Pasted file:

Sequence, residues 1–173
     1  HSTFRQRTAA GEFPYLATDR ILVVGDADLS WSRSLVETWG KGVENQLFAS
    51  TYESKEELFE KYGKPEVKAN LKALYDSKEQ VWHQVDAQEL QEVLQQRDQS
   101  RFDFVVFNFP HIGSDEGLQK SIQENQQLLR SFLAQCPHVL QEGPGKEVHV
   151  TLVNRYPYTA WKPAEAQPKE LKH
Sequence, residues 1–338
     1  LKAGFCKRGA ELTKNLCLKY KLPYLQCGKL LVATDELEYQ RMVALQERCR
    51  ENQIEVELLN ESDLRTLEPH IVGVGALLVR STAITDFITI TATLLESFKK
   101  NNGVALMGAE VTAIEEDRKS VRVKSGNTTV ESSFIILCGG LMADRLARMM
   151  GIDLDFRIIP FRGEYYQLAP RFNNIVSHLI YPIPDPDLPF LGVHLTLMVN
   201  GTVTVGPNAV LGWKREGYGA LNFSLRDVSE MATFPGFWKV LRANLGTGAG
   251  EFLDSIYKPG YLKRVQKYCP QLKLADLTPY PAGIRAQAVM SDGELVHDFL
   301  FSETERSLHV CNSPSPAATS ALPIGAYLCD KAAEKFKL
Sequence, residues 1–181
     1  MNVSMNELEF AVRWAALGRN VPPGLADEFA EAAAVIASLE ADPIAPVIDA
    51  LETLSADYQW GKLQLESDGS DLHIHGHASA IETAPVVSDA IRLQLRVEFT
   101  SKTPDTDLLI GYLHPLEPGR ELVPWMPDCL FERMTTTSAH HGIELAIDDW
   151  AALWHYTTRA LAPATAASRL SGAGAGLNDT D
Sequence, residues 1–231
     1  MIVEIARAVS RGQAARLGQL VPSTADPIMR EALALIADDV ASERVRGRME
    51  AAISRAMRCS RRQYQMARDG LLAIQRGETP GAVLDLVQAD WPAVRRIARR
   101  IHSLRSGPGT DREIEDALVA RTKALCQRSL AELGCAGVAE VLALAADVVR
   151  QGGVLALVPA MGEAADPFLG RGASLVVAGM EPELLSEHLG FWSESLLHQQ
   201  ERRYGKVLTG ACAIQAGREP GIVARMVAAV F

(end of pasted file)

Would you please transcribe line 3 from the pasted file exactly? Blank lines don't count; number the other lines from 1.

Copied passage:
    51  TYESKEELFE KYGKPEVKAN LKALYDSKEQ VWHQVDAQEL QEVLQQRDQS